The Pandemic Illuminated the Employee Benefits Insurance Needs of Workers. What Employers Need to Know
In March, Risk & Insurance published an article featuring James Walloga, Allied World’s new head of accident and health insurance for North America, about industry trends as employees re-evaluate their relationships with their employers. This is part two of that interview.
The COVID-19 pandemic generated a sharp, swift adjustment in the labor landscape.
Having tasted the liberty of remote work, workers are looking at their relationships with their employers in a different light and in many cases seeking more applicable benefits solutions. Increased competition for talent, and the shrinking pool of experienced labor due to the Great Resignation, is prompting workers to demand that their employers explore options that address their most pressing needs.
Sharp Increase in Interest in Supplemental Health Insurance
Supplemental health insurance is one area that continues to gain attention and recognition amongst employees and employers.
“Basically, supplemental health complements an existing employee benefit plan and typically insures against the financial stress of having an accident or an unexpected onset of sickness or a critical illness,” Walloga said.
It is a benefit that an increasingly activated employee base asks for, or about.
“A Bankrate.com survey found nearly 60% of respondents would not have the savings to cover a $1,000 unexpected medical expense. They would, among other things, need to borrow money from family or friends, finance with a credit card or take out a personal loan,” Walloga said.
“A supplemental health insurance policy is designed to help pay for deductibles, co-pays or other out-of-pocket expenses,” he said.
Walloga cited a Willis Towers Watson survey where 94% of all employers predicted that supplemental health benefits will have a significant impact on their organizations over the next three years.
“That’s a fairly sizable percentage,” Walloga said.
“Sixty-five percent of employers said they expected to offer some form of hospital indemnity insurance by 2022 or beyond. That’s an increase of 20-plus percent over the prior year.”
This prediction is bolstered by recent purchase trends. Walloga noted statistics from a Benefitfocus report that indicated participation in hospital indemnity plans has more than doubled in the last four years. In addition, participation in critical illness and accident plans increased by 65% or more since 2018.
“We are keeping a close watch on the ascent of these products and see great long-term growth, driven both by employers who want to offer additional benefits, and by individuals who want to supplement their own healthcare coverage.”
Accident and Health Coverages Offer Innovation to Growing Markets
There are additional factors that Walloga sees presenting opportunities in the accident and health business.
One growing trend amplified further by the pandemic is the gig economy. Workers who were tired of the constraints of a brick-and-mortar office existence were already striking out on their own as independent contractors pre-pandemic, due to, in part, an explosion in tech business models that sought to disrupt established industries.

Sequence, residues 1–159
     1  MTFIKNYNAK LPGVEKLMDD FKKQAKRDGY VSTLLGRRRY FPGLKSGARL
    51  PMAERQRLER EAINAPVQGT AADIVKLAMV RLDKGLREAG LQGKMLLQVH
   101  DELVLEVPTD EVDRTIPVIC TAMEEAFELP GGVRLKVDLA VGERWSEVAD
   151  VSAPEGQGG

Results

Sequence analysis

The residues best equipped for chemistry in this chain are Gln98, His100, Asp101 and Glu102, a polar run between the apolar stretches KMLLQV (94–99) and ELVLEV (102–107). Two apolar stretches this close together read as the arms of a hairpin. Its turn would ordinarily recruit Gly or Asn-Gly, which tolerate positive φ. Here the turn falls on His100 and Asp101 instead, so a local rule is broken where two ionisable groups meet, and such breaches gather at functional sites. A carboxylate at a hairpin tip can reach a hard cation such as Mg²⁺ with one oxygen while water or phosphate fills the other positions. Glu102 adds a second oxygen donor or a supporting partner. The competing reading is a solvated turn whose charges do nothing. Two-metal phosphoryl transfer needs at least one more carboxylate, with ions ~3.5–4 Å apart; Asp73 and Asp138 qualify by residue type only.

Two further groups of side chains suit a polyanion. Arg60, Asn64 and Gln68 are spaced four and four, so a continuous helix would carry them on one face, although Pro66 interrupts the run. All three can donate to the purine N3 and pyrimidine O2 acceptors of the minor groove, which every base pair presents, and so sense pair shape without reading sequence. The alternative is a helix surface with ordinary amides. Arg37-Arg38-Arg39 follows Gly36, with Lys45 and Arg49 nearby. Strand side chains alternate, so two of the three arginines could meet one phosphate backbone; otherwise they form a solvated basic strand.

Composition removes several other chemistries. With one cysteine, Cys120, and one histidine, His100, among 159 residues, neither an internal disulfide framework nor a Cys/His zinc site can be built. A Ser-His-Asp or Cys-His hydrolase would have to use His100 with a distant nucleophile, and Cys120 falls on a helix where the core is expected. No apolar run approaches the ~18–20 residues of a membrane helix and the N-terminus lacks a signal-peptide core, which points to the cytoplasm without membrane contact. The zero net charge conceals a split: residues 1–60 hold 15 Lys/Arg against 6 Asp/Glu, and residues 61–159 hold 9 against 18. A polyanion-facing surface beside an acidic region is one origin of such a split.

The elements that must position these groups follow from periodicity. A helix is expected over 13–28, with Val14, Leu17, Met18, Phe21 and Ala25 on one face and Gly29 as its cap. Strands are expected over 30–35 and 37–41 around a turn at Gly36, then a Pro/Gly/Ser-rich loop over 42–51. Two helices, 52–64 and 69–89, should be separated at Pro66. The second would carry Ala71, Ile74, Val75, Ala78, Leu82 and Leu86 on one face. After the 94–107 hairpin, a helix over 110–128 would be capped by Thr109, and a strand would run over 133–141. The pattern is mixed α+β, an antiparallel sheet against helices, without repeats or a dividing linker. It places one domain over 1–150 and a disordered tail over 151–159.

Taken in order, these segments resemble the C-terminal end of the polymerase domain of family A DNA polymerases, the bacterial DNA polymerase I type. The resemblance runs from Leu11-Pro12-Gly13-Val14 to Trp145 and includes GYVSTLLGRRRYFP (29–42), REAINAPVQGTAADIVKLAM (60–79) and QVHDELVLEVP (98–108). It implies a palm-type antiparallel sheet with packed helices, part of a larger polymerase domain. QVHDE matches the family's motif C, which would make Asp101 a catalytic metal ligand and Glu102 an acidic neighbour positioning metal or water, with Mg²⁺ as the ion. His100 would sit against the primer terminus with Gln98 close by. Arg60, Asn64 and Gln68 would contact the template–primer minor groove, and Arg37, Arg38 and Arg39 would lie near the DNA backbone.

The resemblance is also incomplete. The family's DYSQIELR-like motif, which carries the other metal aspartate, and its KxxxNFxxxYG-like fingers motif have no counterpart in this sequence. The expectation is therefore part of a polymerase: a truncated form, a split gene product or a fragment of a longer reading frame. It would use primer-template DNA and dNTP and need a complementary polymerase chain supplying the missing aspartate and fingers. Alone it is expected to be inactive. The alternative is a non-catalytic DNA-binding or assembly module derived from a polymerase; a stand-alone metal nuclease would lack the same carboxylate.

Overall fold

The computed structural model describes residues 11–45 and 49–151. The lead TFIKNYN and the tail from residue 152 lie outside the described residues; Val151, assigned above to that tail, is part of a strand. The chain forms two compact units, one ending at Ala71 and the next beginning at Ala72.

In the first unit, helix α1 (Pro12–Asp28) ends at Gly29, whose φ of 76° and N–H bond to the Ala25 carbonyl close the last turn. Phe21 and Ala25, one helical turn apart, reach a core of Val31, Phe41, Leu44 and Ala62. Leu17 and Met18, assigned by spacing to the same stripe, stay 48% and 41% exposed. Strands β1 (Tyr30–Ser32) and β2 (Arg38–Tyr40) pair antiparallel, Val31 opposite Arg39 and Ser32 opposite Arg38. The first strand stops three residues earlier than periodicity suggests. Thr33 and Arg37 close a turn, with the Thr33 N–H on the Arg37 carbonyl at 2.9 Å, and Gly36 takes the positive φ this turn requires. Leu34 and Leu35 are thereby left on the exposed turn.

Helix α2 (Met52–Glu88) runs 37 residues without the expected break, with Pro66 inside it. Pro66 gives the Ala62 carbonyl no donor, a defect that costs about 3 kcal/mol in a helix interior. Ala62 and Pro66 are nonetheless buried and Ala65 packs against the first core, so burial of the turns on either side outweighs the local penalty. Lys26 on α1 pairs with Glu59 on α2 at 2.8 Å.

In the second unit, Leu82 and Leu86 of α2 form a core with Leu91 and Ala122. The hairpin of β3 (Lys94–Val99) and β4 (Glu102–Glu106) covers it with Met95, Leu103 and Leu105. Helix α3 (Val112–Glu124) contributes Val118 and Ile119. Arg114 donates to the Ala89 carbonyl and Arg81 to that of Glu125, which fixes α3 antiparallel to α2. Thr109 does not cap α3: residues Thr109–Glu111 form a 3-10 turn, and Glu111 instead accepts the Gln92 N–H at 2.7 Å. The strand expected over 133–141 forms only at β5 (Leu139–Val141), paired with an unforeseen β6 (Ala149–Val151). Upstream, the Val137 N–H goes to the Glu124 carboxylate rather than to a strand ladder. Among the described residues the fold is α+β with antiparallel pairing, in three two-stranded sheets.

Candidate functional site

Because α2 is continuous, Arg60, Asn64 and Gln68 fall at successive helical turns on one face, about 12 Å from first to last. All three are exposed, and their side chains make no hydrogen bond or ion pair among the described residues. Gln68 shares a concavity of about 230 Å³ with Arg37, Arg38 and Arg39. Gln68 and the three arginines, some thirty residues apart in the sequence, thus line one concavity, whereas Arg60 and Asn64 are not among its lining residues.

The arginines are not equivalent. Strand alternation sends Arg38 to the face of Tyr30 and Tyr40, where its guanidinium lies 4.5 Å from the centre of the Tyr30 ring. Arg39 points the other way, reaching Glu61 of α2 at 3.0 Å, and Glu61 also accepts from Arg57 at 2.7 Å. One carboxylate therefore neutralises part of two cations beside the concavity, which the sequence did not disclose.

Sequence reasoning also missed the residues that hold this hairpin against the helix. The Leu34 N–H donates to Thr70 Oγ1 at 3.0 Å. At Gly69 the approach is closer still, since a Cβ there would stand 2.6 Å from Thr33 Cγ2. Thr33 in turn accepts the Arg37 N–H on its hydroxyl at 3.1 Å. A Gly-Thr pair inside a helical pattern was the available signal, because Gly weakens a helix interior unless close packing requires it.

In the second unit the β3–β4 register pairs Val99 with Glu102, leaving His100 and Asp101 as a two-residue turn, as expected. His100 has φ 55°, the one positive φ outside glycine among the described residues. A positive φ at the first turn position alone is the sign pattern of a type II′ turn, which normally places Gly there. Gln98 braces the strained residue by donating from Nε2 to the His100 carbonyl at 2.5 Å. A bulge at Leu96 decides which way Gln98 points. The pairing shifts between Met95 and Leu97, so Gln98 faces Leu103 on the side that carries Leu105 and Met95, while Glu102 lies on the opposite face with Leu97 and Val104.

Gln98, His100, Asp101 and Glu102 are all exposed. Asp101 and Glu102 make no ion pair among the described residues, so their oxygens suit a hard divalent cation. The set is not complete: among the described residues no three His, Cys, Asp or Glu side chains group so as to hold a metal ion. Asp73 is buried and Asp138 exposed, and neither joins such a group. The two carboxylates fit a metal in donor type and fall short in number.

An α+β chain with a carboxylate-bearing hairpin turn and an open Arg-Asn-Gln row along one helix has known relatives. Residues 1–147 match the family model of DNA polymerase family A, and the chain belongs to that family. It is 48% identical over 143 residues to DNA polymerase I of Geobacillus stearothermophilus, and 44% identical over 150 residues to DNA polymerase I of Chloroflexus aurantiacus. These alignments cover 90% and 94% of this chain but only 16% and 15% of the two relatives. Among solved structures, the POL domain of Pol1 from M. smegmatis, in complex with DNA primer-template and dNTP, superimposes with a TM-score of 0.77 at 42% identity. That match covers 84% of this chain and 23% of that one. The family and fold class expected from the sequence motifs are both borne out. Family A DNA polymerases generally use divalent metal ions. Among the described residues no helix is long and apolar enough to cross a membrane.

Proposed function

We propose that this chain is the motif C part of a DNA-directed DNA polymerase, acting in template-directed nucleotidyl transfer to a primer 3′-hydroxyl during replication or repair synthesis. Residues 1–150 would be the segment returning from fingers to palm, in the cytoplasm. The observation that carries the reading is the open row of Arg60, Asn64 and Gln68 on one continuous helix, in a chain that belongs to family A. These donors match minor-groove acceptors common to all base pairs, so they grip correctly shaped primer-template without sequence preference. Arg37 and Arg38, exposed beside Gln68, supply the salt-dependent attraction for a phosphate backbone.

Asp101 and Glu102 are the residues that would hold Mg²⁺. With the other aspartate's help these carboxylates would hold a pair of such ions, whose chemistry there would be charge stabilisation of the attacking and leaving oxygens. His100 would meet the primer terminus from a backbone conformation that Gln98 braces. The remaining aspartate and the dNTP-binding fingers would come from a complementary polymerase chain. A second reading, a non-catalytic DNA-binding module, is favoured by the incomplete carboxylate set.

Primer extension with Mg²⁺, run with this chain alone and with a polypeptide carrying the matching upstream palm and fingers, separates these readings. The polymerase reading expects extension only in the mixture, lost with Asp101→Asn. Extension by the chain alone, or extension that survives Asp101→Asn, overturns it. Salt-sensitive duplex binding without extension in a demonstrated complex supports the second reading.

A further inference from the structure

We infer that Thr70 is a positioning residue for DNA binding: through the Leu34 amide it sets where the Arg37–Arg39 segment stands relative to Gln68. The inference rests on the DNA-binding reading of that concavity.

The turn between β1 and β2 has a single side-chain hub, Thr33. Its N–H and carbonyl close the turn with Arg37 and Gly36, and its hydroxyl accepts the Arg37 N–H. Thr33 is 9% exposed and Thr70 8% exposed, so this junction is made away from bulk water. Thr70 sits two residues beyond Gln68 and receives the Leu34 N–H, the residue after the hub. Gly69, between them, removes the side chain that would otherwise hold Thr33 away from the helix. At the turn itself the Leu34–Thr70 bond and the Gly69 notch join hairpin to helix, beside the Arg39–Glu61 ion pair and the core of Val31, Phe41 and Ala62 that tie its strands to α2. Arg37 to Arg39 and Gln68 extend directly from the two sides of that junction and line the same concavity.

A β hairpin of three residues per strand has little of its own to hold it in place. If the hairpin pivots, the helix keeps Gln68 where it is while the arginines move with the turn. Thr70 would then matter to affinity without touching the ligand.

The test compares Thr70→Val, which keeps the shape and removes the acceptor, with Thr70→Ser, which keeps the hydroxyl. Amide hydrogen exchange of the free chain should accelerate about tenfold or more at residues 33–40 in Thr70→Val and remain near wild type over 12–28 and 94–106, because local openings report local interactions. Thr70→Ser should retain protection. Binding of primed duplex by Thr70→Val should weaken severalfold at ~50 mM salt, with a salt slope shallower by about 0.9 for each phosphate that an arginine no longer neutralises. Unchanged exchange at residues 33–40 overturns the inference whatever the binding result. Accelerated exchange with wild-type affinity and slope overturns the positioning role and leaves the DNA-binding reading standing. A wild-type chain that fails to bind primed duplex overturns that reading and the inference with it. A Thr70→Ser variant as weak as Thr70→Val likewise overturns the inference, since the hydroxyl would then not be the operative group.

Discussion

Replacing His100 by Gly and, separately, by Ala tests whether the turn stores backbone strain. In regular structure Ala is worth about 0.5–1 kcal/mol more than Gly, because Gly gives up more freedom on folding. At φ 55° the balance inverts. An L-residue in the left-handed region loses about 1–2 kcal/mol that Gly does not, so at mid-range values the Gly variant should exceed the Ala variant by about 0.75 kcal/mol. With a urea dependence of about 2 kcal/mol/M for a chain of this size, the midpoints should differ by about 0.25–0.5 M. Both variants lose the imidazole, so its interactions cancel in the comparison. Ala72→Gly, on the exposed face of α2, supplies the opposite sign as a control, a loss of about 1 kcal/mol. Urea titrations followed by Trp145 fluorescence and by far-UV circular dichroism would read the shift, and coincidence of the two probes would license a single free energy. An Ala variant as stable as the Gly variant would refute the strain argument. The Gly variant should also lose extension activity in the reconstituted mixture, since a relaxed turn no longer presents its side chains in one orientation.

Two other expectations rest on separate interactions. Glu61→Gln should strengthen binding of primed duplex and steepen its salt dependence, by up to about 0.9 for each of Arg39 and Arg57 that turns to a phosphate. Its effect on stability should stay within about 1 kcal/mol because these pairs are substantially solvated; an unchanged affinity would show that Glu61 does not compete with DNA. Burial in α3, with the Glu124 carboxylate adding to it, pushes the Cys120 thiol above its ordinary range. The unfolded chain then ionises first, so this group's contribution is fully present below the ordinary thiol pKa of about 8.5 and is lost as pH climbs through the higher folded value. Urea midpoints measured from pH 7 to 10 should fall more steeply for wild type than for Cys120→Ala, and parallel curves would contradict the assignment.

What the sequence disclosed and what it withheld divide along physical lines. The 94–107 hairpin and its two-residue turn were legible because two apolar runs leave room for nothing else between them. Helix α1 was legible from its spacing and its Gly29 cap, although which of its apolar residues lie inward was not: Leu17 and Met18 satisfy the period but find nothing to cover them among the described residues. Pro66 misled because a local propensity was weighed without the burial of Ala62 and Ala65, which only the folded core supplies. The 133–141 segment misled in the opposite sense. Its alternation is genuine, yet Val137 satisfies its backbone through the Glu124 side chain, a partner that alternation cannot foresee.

“Now, so much of business is done through digital means and that area of the economy is booming,” Walloga said.
Walloga cited estimates of a $350 billion industry expected to reach a gross volume of over $450 billion by 2023.
This business trend bolsters the need for occupational accident insurance, a versatile product that provides coverage for work-related injuries or death to employees or independent contractors not covered by workers’ compensation.
Occupational accident insurance’s versatility extends well beyond gig economy workers.
For example, Walloga noted, “In Texas, most private employers are allowed to opt out of providing workers’ compensation to employees. Occupational accident coverage can be purchased as an alternative, to provide coverage for medical expenses and lost wages, as well as death benefits.”
“An additional use for occupational accident insurance is in the transportation space, where the product is available to owner-operators and independent truck drivers through the companies that hire them,” said Walloga.
Digital distribution of insurance products, yet another development, seems tailor-made for this new world.
“Folks now have the ability to buy personal accident insurance on demand for many forms of travel, right from their smartphone utilizing GPS technology or through integration with other applications that track purchasing habits,” Walloga said.
“For instance, personal accident insurance has been sold for decades. You could buy it at the counter at your rental car agency. Although that product has long existed, it can also be distributed through digital means,” he said.
Seeing great opportunity and need in the A&H market, Walloga is excited build a product suite for this new division.
“Supplemental health and occupational accident insurance are just two components of what will be Allied World’s very dynamic and diverse product offering,” said Walloga.
“Employees, students and independent professionals have significantly shifted expectations of the benefits provided to them, and organizations are searching for solutions that address these concerns. Identifying and developing market-responsive products is our mission and I look forward to supporting this next stage in the market’s evolution.” &